Wednesday, December 14, 2011

BOOK REVIEW: Hollywood Stories by Stephen Schochet

Hollywood Stories:  Short, Entertaining Anecdotes About the Stars and Legends of the Movies! is a Literary Arts & Entertainment Non-Fiction.

Just when you thought you've heard everything about Hollywood comes a totally original new book -- a special blend of biography, history and lore. Hollywood Stories is packed with wild, wonderful short tales about famous stars, movies, directors and many others who have been a part of the world's most fascinating, unpredictable industry!

What makes the book unique is that the reader can go to any page and find a completely engaging and illuminating yarn. Sometimes people won't realize that they are reading about The Three Stooges or Popeye the Sailor until they come to the end of the story. The Midwest Book Review says Hollywood Stories is, "packed from cover to cover with fascinating tales."

A professional tour guide in Hollywood, Stephen Schochet has researched and told thousands of entertaining anecdotes for over twenty years. He is also the author and narrator of two audiobooks Tales of Hollywood and Fascinating Walt Disney. Tim Sika, host of the radio show Celluloid Dreams on KSJS in San Jose has called Stephen," The best storyteller about Hollywood we have ever heard."

Full of funny moments and twist endings, Hollywood Stories features an amazing, all-star cast of legendary characters and icons and will keep you totally entertained!

Read a few of the excerpts...

The Universal Maniac

In 1999, an Australian gentleman told me about an interesting experience he and his family had at Universal Studios. They were on the backlot tour passing one of the theme park’s main attractions, the Bates Motel used in the 1960 horror classic Psycho, about a murderous young man named Norman Bates who loved his mother a little too much. As the guide gave out information about how director Alfred Hitchcock shot the picture, a tall man, dressed in drag and carrying a large knife, emerged from behind the old set and charged toward the tram. The narrator seemed to know nothing about the Norman Bates look-alike and clammed up completely. The make-believe killer wore such a convincing maniacal expression that some of the paying customers were frightened and screamed when he raised his weapon. Then the “fiend” pulled off his wig and he turned out to be comic Jim Carrey; the thirty-seven-year-old star was clowning around during a work break. After his laughing “victims” calmed down, Jim was happy to pose for pictures and sign autographs.

Walt Disney’s Daughters 

Walt Disney’s two daughters, Sharon and Diane, grew up sheltered from the limelight. The children had no images of Mickey Mouse around their home. Their father didn’t go to many parties, preferring to stay in after a long day of work. Sometimes he would playfully chase the youngsters upstairs, cackling like the evil peddler woman in Snow White. When they behaved badly, Walt would admonish them with a raised eyebrow; his stern demeanor inspired the character of the wise old owl, in the 1942 animated feature Bambi. As toddlers, the brainy Diane and beautiful Sharon stayed blissfully unaware that their parents worried about them being kidnapped and allowed no pictures of the sisters to be publicly circulated. Once in 1939, a curious classmate questioned six-year-old Diane about her family. She went home and said, “Daddy, you never told me you were that Walt Disney,” and asked him for an autograph.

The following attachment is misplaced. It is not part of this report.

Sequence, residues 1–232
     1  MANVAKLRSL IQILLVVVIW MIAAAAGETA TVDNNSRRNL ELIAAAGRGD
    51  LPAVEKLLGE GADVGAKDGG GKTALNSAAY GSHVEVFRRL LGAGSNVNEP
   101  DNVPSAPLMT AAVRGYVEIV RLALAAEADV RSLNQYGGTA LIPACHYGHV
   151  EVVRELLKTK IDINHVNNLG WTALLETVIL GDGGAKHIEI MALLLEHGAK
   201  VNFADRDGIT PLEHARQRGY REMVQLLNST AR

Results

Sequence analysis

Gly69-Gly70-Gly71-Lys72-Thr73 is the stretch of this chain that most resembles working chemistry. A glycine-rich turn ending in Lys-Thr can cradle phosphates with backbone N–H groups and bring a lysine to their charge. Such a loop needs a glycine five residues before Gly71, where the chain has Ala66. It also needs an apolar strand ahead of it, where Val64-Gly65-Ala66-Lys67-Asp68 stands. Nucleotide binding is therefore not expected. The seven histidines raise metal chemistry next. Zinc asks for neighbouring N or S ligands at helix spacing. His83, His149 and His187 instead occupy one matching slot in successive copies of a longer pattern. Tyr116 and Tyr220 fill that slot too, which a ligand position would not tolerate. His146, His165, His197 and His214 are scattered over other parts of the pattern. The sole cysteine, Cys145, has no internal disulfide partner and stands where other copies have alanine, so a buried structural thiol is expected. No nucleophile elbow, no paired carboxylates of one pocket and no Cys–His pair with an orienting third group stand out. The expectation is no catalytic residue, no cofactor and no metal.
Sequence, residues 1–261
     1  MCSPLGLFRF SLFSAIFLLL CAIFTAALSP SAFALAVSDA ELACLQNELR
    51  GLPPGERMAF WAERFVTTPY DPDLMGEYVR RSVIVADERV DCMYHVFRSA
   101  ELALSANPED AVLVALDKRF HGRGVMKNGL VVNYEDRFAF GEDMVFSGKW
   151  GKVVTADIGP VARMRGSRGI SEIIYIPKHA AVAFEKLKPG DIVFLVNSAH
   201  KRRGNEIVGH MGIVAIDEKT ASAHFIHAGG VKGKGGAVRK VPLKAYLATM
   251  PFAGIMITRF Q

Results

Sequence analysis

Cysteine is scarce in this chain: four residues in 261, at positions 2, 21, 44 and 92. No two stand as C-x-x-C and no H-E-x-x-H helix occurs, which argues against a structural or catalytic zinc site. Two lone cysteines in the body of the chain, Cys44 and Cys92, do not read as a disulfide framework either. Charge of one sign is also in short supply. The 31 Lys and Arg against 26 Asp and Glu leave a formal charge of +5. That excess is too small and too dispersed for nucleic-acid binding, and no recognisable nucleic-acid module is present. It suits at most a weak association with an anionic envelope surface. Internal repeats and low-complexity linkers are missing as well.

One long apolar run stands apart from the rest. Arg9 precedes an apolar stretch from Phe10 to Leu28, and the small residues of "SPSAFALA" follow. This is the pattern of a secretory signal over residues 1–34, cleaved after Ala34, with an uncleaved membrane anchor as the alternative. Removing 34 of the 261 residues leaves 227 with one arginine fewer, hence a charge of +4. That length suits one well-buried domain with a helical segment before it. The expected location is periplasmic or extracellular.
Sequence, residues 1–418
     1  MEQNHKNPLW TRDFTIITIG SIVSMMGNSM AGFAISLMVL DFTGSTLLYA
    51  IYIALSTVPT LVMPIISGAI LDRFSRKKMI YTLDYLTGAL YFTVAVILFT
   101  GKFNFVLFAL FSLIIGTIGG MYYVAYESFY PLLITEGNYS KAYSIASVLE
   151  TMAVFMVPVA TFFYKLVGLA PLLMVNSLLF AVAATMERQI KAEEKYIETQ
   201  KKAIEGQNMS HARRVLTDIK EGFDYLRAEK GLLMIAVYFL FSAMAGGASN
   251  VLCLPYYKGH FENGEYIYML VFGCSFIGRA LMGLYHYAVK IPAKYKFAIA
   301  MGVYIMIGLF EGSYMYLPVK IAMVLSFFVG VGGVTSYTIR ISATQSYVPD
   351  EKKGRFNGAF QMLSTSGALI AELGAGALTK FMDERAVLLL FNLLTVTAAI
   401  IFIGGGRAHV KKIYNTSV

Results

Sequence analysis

This book was a plethora of interesting and entertaining data.  I was enthralled from start to finish with all the behind-the-scene accounts of some of the celebrities we have come to know and love.  I found myself becoming a walking celebrity encyclopedia as I reiterated to everyone the things I had read.

Each of the stories is told in a straight-forward, matter-of-fact basis, some short paragraphs, some lengthier, all of them worth reading.  This would make an excellent coffee table book or a bathroom reader, you can pick the book up anywhere and find a tale or two to peruse.  It is not meant to read from front to cover, thought it is encouraged to do so, and even if you read sparsely, this is one book that would keep you coming back.

I would give Hollywood Stories a five out of five stars.  Everything about the book is informative, giving you insight into aspects of people you didn't think imaginable.  Some of the celebrities we have come to know and love were tyrants or divas but most importantly what you come to realize is that they were just people trying to live their lives as only they could.  I could've done with some more anecdotes on James Dean and Marilyn Monroe and was pleased to find one or two of them within.  Loved the book and would definitely read more of this type by the author. 

post signature 
** Disclosure: I did not accept any compensation from the sponsors other than review copies, my views are my own, reviewed by me..as I see it~!! **